Economist: EU report places Sri Lanka's GSP+ concession in jeopardy

[TamilNet, Friday, 04 September 2009, 02:06 GMT]
"Its [Sri Lanka's] alleged wartime and other abuses make a grim catalogue: thousands of Tamil civilians allegedly killed by army shelling during the rebels’ last stand; scores of Tamils disappeared; nearly 300,000 Tamil war-displaced callously interned; murder and intimidation of journalists—including J.S. Tissainayagam, sentenced to 20 years hard labour on August 31st for criticising the army’s tactics," says an editorial in The Economist in its 3rd September edition, and points to a damning 130-page report by the European Union which concludes that "Sri Lanka has failed to honour important human-rights commitments, and is ineligible for GSP Plus."

Widespread police torture, abductions of journalists, politicised courts and uninvestigated disappearances have all played a part in creating a state of “complete or virtually complete impunity in Sri Lanka”. The internment of the Tamil displaced, which the government claims is necessary to weed out the last Tamil Tiger rebels and to protect them from munitions left in their fields, is “a novel form of unacknowledged detention," the report allegedly states, according to The Economist.

A spokesperson for a US-based Tamil activist group told TamilNet that expatriate Tamils should be cautious not to be misled by statements in a report. "EU's real intentions will be known only after the final decision on GSP+ is made in October," the spokesperson said.

Full text of the Economist article follows:

Losing touch with old friends

RARELY has a government soiled its reputation as dramatically as Sri Lanka’s. In recent months President Mahinda Rajapaksa’s regime has won a war and lost the love of many allies.

Its alleged wartime and other abuses make a grim catalogue: thousands of Tamil civilians allegedly killed by army shelling during the rebels’ last stand; scores of Tamils disappeared; nearly 300,000 Tamil war-displaced callously interned; murder and intimidation of journalists—including J.S. Tissainayagam, sentenced to 20 years hard labour on August 31st for criticising the army’s tactics (see article).

There is not much high-minded western countries—to whom Sri Lanka once looked for aid money—can do about this. Mr Rajapaksa has found alternative friends, in China, Libya, Pakistan—and others, who recently scotched a European effort to launch a war-crimes investigation into Sri Lanka. But the Europeans do have one wrench on Mr Rajapaksa’s government: a trade concession known as “GSP Plus”. This boon, which has helped make exports to the EU the country’s biggest source of foreign exchange, worth $3.3 billion last year, is up for review. Judging by an EU-commissioned report on Sri Lanka’s compliance with its terms, which include stipulations on human rights, it can kiss the concession goodbye.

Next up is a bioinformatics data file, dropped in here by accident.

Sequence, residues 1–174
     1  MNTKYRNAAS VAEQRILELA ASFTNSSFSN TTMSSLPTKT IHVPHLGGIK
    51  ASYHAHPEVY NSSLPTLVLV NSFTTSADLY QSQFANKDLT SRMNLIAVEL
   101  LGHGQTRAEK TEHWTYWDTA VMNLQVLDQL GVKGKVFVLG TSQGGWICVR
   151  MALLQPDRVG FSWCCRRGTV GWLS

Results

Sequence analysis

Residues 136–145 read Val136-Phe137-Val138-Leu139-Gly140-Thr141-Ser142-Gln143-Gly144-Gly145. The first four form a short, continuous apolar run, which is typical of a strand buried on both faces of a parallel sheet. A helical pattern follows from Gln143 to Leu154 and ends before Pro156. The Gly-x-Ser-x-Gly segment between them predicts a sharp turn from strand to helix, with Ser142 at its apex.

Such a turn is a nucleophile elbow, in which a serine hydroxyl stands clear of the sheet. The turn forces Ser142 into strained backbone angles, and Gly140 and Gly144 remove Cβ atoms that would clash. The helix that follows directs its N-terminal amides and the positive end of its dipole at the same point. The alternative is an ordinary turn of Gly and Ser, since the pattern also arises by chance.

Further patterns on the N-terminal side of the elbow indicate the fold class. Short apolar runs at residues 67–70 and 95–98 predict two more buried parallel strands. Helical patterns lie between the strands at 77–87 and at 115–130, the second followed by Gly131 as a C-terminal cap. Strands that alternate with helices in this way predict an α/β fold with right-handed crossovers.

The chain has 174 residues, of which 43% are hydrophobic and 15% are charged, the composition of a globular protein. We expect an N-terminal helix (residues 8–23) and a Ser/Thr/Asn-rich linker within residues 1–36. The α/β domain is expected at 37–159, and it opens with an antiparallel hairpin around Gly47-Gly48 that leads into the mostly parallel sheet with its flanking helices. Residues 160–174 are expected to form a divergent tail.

The confidential 130-page report, which has been obtained by The Economist, concludes that Sri Lanka has failed to honour important human-rights commitments, and is ineligible for GSP Plus. Widespread police torture, abductions of journalists, politicised courts and uninvestigated disappearances have all played a part in creating a state of “complete or virtually complete impunity in Sri Lanka”. The internment of the Tamil displaced, which the government claims is necessary to weed out the last Tamil Tiger rebels and to protect them from munitions left in their fields, is “a novel form of unacknowledged detention”.

A final decision on GSP Plus is not due until October. The government, which barred the report’s authors from visiting Sri Lanka, called the study “outrageous” but seems resigned to losing the trade preference: a senior official in the trade ministry, S. Ranugge, admitted: “GSP Plus is very unlikely.”

Perhaps this does not bother Mr Rajapaksa: defying the West is part of his appeal. Anyway, his minions recently secured a $2.6 billion loan from the IMF. But as an indicator of where one of Asia’s oldest democracies may be headed, it should worry Sri Lankans, and all who wish their country well.


External Links:
Economist: The price of truth
Economist: Losing touch with old friends
EU: GSP - Generalized System of Preferences

 

Latest 15 Reports
18.04.19 21:24   Photo
Sinhala colonisation escalated in Vavuniyaa North with a multitude of players backing infrastructure
17.04.19 23:18   Photo
Journalist harassed after exposing SLN surveillance on peaceful protest in Vanni
16.04.19 22:20   Photo
Uprooted Tamils in Karanthaay enter their lands in dispute with SL authority
15.04.19 23:44   Photo
Linguistic discrimination, insensitive iconography used to establish Sinhala Buddhist hegemony
14.04.19 22:43   Photo
Colombo schemes new settler colony for intruding Sinhala fishers in Mullaiththeevu
13.04.19 08:01   Photo
Tamil youth in Batticaloa irked by SL State-backed southern company bent on ilmenite mining
12.04.19 21:01   Photo
SLA deployed Tamils as human shields in 1990, activists allege mass graves in Jaffna islet
11.04.19 23:47   Photo
Assange arrest: Declaration of war against digital civil society by bandwagoning powers
10.04.19 21:25  
Tamils discriminated in demarcation of education zones in Ampaa'rai district
09.04.19 17:20   Photo
Analyst: Transitional justice will never work, SL State institutionally genocidal
08.04.19 22:13  
Tamil Nadu politician's family continues ‘Sri Lanka’ investment, disregards criticism
07.04.19 23:39  
Employment discrimination in educational sector in East
06.04.19 22:59   Photo
Monks groom SL police on misusing UN rights intended for controlling hate speech
05.04.19 22:31   Photo
SL State appropriates lands of Tamils in Batticaloa under ‘Mahaweli’ scheme
04.04.19 23:46   Photo
Colombo's next step of genocide: urbanising and linking Mannaar-Trinco belt with South
 
Find this article at:
http://www.tamilnet.com/art.html?catid=13&artid=30158